Leading nations have pledged to find a cure or an effective treatment for dementia by 2025.
Meeting at the first G8 Dementia Summit in London, ministers and health officials said that the amount spent globally on research would “significantly increase” in the run up to the goal.
UK funding to scientists hunting for a cure will double to £132m by 2025, the government announced ahead of the summit.
Globally the number of dementia sufferers is expected to rise to 135m by 2050.
The Prime Minister said he wanted the meeting to go down in history as “the day that the global fight-back began”.
“It doesn’t matter whether you’re in London or Los Angeles, in rural India or urban Japan – dementia steals lives, it wrecks families, it breaks hearts and that is why all of us here are so utterly determined to beat it,” David Cameron said. “In generations past, the world came together to take on the great killers. We stood against malaria, cancer, HIV and AIDS and we are just as resolute today.”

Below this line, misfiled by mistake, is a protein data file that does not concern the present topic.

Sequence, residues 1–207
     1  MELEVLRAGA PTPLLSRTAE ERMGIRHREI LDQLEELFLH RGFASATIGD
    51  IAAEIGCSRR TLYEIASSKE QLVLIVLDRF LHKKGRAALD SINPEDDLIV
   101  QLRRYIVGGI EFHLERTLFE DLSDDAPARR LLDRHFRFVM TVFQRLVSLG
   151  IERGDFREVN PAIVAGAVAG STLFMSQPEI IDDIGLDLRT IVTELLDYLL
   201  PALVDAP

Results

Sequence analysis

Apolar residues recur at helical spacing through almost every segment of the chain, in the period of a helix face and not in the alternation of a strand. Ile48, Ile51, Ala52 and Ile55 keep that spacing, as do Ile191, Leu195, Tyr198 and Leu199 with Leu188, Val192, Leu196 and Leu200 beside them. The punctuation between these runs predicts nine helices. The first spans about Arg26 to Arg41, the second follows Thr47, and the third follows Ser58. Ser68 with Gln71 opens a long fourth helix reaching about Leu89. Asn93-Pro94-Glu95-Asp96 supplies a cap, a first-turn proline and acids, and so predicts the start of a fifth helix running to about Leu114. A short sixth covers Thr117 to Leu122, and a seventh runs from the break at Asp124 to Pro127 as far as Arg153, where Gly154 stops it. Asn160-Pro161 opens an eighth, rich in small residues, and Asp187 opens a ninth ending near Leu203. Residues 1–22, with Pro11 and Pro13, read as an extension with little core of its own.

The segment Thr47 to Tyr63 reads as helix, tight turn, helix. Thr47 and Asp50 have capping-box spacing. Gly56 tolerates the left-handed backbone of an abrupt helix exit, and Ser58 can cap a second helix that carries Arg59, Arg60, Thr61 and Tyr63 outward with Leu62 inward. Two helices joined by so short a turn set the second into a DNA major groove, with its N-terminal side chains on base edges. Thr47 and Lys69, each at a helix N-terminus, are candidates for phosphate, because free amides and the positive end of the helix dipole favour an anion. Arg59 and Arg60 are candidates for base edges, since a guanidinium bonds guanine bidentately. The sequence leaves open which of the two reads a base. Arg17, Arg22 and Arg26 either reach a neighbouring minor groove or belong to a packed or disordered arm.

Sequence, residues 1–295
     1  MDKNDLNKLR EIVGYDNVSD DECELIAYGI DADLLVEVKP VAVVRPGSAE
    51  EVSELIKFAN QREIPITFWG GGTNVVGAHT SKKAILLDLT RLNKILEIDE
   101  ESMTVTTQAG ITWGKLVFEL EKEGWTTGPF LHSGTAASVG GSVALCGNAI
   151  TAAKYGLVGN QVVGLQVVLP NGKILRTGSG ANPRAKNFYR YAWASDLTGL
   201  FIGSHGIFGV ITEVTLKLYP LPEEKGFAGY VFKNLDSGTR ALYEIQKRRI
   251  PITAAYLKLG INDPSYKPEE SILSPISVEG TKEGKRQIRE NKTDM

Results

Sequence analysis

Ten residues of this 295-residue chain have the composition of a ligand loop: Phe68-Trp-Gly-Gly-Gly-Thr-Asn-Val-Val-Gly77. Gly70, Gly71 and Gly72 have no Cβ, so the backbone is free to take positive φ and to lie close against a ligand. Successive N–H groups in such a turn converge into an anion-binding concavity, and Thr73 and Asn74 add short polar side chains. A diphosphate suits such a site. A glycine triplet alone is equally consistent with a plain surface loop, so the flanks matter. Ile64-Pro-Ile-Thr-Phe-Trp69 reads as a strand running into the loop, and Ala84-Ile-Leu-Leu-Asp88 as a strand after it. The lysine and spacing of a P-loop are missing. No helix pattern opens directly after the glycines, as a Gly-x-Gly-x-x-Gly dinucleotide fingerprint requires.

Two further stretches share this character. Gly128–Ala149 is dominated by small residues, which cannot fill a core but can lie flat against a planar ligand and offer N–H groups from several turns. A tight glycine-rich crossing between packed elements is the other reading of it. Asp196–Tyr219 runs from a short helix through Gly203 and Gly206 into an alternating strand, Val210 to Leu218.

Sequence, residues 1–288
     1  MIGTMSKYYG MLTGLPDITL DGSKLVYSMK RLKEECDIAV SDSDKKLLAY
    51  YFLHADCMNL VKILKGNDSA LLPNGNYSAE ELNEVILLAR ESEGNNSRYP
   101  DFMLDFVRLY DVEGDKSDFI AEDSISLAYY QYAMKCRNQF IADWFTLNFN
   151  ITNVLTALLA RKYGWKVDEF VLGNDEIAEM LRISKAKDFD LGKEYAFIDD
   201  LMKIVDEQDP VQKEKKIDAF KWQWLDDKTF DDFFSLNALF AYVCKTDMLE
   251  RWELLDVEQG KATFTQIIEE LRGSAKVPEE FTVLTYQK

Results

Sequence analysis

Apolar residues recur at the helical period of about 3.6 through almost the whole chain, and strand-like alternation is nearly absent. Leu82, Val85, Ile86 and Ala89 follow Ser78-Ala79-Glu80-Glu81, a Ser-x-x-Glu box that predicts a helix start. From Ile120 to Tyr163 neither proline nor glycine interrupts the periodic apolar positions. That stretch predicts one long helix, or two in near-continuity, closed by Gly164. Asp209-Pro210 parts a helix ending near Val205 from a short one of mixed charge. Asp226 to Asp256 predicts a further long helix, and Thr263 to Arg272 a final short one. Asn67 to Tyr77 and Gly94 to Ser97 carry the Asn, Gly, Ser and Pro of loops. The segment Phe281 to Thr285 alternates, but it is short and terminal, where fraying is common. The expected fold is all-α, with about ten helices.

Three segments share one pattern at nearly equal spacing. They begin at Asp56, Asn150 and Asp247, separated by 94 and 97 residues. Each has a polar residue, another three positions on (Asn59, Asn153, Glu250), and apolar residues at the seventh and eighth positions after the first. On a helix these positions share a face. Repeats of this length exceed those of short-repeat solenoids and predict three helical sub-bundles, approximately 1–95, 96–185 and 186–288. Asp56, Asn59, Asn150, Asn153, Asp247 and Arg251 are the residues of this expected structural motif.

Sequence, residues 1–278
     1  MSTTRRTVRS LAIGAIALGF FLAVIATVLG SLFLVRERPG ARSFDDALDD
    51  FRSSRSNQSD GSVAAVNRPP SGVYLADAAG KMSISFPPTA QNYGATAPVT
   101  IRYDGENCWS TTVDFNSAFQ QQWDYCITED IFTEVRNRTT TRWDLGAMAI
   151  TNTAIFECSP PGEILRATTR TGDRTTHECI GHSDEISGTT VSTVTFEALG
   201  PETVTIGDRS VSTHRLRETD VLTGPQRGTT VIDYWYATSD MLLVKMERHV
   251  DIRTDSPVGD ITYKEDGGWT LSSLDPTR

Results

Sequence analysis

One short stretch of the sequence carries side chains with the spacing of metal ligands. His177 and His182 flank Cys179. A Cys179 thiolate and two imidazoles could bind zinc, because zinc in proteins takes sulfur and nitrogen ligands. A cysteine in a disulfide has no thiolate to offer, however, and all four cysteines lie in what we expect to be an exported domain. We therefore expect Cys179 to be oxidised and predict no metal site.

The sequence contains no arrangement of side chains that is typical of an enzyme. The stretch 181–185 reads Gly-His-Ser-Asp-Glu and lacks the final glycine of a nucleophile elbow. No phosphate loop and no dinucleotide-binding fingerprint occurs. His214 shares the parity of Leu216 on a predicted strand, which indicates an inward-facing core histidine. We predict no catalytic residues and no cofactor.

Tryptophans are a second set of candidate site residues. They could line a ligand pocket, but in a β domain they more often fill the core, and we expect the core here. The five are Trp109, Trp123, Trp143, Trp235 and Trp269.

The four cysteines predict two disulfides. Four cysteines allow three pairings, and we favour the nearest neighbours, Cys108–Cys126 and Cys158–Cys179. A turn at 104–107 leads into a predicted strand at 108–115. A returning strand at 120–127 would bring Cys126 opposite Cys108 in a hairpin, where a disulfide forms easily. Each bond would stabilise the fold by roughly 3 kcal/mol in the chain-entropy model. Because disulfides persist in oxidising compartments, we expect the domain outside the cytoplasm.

New investment means that governments could set “an ambition to identify a cure or a disease-modifying therapy for dementia by 2025”, officials said. A new “global envoy for dementia innovation” will be appointed to coordinate “an international action plan for research”.
Jeremy Hughes, chief executive of the Alzheimer’s Society, said that the summit had helped bring dementia “out of the shadows” to “centre stage”.
“We must ensure G8 has a lasting legacy,” he said. “The governments have all committed to updating progress on research biannually, but every month counts for the millions of people living with dementia worldwide.”
Hilary Evans, of Alzheimer’s Research UK, said the new commitments meant the world could be “more optimistic than ever that we will meet if not exceed the G8's 2025 target”.